Nitrate intake with consuming traditional food-fermented white cabbage (Brassica oleracea L. capitata)
International Conference on Food Safety and Regulatory Measures
August 17-19, 2015 Birmingham, UK

Alenka Hmelak Gorenjak

University of Maribor, Slovenia

Scientific Tracks Abstracts: J Food Process Technol


Vegetables constitute the main source of nitrates for the human body; other food groups and drinking water represent less significant sources. In the literature, high nitrogen inputs are often associated with adverse effects associated with its conversion to the more toxic nitrite. In the oral cavity and the gastrointestinal tract five to twenty percent of ingested nitrate is affected by anaerobic bacteria that convert it to nitrite which represents 80% of the total human exposure to nitrite. The sources of the highest intake of nitrate for the human body are leafy vegetables and potatoes. In winter time due to the increased accumulation of nitrates in lettuce the nitrate intake is significantly increased by eating lettuce. The possibilities of nitrate reduction represent traditional forms of consumption of seasonal vegetables such as white cabbage (Brassica oleracea L. capitata). The high performance liquid chromatography was used to determine the nitrate content in raw white cabbage and the changes in nitrate content after the fermentation and cooking of the fermented white cabbage. The white cabbage was fermented according to the classical process in large vinegar factories. In our study, the nitrate content in the raw cabbage was 374 mg/kg of fresh matter (between 118 mg/kg and 695 mg/kg). During the fermentation of the cabbage, the nitrate content was not significantly changed. After cooking, the nitrate levels in the fermented cabbage have significantly decreased by 22%. In the winter time, eating cabbage (fresh or fermented) significantly reduces the intake of nitrates in our organism. Preservation of traditional dietary habits can therefore have a positive impact on human health.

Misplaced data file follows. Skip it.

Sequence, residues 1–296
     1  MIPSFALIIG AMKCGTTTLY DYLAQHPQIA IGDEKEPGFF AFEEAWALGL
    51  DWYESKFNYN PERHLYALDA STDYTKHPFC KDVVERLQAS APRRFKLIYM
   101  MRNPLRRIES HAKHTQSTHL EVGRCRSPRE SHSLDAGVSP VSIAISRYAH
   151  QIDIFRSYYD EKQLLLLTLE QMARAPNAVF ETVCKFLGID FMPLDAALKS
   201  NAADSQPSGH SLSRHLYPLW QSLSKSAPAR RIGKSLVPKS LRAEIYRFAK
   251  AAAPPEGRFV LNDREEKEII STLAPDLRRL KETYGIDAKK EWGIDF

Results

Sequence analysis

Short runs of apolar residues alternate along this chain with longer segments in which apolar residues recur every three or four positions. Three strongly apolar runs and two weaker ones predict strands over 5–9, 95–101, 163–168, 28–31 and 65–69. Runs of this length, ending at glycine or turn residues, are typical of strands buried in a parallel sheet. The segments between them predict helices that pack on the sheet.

Biography :

Alenka Hmelak Gorenjak with the research work in the fields of Food Safety, works closely with the University of Maribor. With the topic of her PhD studies she participated in the study for the project “Study on the influence of food processing on nitrate levels in vegetables” which was co-funded by the EFSA. Her research and scientific activity has resulted in the publication of scientific articles and publications with scientific and professional contributions to the conference. She is also a reviewer of scientific journal articles.